Maybe that one wasn’t the guy’s fault, but there were plenty of others, and admin had to get rid of him after a year.

       The next hiring committee got to see many of the same candidates “passed over” but supposedly hired elsewhere the year before…

Squabbling over meal budgets in front of the candidates, as well as under-resourced searches.

      Indeed, I’ve seen some lean budgets. $60 doesn’t go far for a dinner when you’ve five members on the committee and an applicant. We complained about it, so the Dean changed it so it would just be a private meal between her and the applicant.

      Same budget, of course. I sure don’t begrudge the applicant for eating well, at least.

Interview in hotel room with two men, with unmade bed and room service from the night before just lying there. Blech.

     The “hotel room interview” is unfortunate, but this typically happens at a conference…all the conference rooms are taken, prices to rent anything are very high, and there’s no budget anyway.

     That said, you probably should make your bed and maybe slide the room service tray to the hall, one room over, if faculty were worth that kind of respect.

     Is this roughly how hiring interviews go “in the real world” nowadays?


Wednesday, January 23, 2019

College Sportsball “Organizer” Gets $1,000,000 A Year…Only Does ONE Game

By Professor Doom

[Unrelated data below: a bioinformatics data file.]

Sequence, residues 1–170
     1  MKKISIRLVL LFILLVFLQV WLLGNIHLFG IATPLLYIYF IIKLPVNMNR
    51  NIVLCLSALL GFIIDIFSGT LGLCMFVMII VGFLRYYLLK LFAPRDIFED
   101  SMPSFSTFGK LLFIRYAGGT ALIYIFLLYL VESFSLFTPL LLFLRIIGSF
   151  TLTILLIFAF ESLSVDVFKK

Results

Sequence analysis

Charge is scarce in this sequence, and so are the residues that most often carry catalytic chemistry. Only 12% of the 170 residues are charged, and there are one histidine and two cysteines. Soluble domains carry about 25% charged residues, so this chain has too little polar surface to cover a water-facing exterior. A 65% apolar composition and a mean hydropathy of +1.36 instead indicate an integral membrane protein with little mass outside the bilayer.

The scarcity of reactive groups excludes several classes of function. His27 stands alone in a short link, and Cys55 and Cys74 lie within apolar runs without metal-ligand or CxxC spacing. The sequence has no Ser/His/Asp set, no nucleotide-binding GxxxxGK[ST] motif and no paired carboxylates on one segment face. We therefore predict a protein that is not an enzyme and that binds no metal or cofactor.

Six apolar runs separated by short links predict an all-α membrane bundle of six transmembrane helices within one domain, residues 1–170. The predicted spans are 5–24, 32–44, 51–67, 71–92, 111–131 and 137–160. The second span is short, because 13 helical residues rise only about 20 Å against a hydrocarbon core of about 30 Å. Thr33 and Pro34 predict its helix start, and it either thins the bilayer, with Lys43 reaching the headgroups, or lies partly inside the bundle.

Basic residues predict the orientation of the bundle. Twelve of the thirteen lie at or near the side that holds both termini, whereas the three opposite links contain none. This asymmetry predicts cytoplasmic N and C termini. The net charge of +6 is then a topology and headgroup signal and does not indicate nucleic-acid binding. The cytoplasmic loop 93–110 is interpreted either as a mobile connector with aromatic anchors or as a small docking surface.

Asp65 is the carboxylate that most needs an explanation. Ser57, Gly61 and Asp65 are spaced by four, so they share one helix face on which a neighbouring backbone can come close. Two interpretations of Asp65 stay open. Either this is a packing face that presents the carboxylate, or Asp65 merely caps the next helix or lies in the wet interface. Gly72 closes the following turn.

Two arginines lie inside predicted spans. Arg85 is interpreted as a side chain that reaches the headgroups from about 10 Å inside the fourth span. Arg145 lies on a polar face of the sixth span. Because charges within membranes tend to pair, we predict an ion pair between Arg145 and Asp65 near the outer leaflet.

I don’t often cover the immense fraud of college sportsball, there are so many frauds in higher education that I focus more on things which impact the real students on campus. On the other hand, I do often talk about the immense pay our administrators on campus make, and their luxurious lifestyles, and this guy really is par for the course:

“…there’s one particularly impressive home, with a 600-bottle wine cellar, a wraparound shower with massage jets, and a sizeable pool with a waterfall and Jacuzzi overlooking a lake…”

--what is it with these guys and their lakefront property? Perhaps H.P. Lovecraft was on to something...

     So many admin on campus, they have so little to do individually. What’s this guy’s job?

“…run the Outback Bowl, a second-tier college football postseason game featuring third-place teams…”

     Aaaand…that’s the entirety of his job. Now, I concede I don’t know exactly what this entails but just how hard can it be? Most of it seems pretty self-correcting, as you have the teams and vendors coming right to you to sign up to show up at the stadium. What kind of money does he get for this one game?

“…$1,045,000 in 2017, according to the bowl’s most recent tax filing…”